Blessed Salt and Oil
What the Catholic Church says......
According to the Catechism of the Catholic Church "Sacramentals are instituted for the sanctification of certain ministries of the Church, certain states of life, a great variety of circumstances in
Christian life, and the use of many things helpful to man. They always include a prayer, often accompanied by a specific sign, such as the laying on of hands, the sign of the cross or the sprinkling
of holy water..1667
"Sacramentals derive from the baptismal priesthood. Every baptized person is called to be a "blessing," and to bless (1 Pet 3:9, Lk 6:28, Rom 12:14). Hence lay people may preside at certain
blessings...Sacramentals do not confer the grace of the Holy Spirit in the way that the sacraments do, but by the Church's prayer, they prepare us to receive grace and dispose us to cooperate with
"Among sacramentals blessings (of persons, meals, objects and places) comes first. Every blessing praises God and prays for his gifts. In Christ, Christians are blessed by God the Father
with every spiritual blessings. This is why the Church imparts blessings by invoking the name of Jesus, usually while making the holy sign of the cross of Christ...1671
Blessed oil and salt are sacramentals of the Catholic Church for use by lay people as they minister to others through prayer. Lay people bless with oil; priests and only priests, anoint with oil.
The power in the oil and salt comes from the redemptive acts of Jesus through His Passion, Death, and Resurrection. That power is elicited by prayers of intercession, and is then directed through
the external signs of oil and salt. Neither sacramental should be used superstitiously as having self-contained power, but in combination with prayer. The sacramentals are focus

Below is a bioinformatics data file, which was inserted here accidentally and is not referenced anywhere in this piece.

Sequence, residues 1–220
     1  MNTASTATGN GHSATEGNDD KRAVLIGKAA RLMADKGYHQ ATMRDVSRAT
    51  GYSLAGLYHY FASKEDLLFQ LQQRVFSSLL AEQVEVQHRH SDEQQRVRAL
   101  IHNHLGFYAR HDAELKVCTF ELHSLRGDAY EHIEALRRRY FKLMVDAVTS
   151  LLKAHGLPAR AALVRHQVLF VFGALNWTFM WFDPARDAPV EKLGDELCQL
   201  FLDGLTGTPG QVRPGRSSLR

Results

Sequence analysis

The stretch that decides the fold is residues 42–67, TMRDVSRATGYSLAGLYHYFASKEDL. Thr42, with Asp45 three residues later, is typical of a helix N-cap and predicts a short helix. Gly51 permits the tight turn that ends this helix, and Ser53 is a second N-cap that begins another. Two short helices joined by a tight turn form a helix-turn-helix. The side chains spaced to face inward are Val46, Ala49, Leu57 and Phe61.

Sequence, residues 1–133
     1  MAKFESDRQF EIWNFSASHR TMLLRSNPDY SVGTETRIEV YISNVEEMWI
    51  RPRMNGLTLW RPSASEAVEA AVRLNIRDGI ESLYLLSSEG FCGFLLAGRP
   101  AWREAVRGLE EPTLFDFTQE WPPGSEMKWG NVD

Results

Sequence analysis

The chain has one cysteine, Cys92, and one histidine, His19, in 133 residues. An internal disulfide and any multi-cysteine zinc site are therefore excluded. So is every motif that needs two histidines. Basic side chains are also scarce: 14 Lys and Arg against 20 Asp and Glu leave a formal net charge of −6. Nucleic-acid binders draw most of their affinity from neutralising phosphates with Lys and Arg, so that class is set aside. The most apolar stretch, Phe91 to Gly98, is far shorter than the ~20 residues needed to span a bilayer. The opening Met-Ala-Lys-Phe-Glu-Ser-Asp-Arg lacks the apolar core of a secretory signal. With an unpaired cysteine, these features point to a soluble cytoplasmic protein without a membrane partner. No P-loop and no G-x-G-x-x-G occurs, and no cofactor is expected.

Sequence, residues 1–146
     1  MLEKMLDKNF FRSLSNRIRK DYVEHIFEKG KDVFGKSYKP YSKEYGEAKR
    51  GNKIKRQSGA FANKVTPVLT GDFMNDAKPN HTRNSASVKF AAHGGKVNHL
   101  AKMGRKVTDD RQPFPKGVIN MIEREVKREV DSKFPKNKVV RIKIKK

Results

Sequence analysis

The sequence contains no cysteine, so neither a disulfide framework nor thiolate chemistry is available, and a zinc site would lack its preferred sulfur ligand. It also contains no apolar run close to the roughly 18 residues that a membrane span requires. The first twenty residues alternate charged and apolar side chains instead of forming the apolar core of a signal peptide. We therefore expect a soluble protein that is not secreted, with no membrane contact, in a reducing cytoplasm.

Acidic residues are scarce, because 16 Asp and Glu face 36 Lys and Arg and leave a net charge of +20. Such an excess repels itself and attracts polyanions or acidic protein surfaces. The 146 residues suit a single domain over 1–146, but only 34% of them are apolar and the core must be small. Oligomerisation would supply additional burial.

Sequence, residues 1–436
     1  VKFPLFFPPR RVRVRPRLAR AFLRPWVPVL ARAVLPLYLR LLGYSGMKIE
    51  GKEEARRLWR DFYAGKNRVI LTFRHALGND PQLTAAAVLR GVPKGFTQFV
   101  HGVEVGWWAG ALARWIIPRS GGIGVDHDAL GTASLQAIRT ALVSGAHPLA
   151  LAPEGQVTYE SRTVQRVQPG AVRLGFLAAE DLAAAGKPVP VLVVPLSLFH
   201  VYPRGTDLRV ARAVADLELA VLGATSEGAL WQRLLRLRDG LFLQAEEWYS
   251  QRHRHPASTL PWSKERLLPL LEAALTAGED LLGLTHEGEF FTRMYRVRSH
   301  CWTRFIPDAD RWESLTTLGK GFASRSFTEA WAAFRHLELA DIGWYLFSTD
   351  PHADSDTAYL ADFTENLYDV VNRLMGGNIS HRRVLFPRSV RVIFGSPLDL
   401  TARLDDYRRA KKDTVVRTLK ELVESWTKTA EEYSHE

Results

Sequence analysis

points, funneling one's faith toward Jesus, like a flag is a focus for patriotism.
A priest may use the official prayer from the Roman Ritual to bless oil and salt for lay people.
How to use blessed oil
Blessed oil may be used when praying over people for healing; to bless family members, homes, or objects.
The prayer doesn't need to be complicated or fancy. Just ask the person what they would like prayers for, use the oil to make the sign of the cross on their forehead, and pray for God to honor the
request. If the person doesn't wish to confide the intention, that's fine; God knows what is in their hearts.
Don't worry about what to say or how to say it; the Lord wil guide you. You can pray in tongues, English or you can say an Our Father or Hail Mary; simply speak what is in your heart, the Holy
Spirit will lead. You can end your prayer with an Amen, a Glory Be, or however the Lord inspiries you to close.
It is possible to pray with someone who doesn't even believe in God, let alone His ability or willingness to heal, and see miraculous results. All prayers are subject to God's will; when we
intercede for others our will is united with His.
Be sure anyone you pray with understands you are not offering or providing them the Sacrament of the Sick; the Sacrament can only be administered by a priest.
Only pray over people who have asked for prayers, either directly or through firends or family members, and keep all names and information shared confidential.
Don't act as a counselor, try to solve anyone's problems or dispense advice. Your ministry is to remain open to the workings of the Holy Spirit, and respond in obedience by sharing what He offers
the person seeking healing.
Please use the blessed oil, often, don't save it just for times of illness. Parents, grandparents or other primary care providers can bless the children in their lives daily; spouses can bless one
another at any time, for any need. Use it on your homes, cars, pets, tools, anything you want the Lord to protect and bless.
How to use blessed salt
Blessed salt can be sprinkled in one's home, across thresholds and windowsills, around property lines, in cars, school lockers or work sites. It can be used on food and while cooking.
As you spread the salt pray for the Lord's blessing and protection. The faith of the person using the salt must be Jesus-centered, like the faith of the blind man in John 9; his faith was in
Jesus, not in the mud and spittle Jesus used to heal him.
Blessed salt is not a new sacramental, but there is a new interest in it as an instrument of grace and healing.
"The Lord bless you and keep you;
The Lord make his face shine upon you
and be gracious to you;
The Lord turn his face toward you
and give you peace." Numbers 6:24-26
Prepared by the Maine State Executive Committee for the Charismatic Renewal of the Diocese of Portland, Maine under the direction of Very Rev. Richard Rice, Liaison.
Permission granted to reproduce and distribute with Blessed Oil and Salt for use in ministry by others.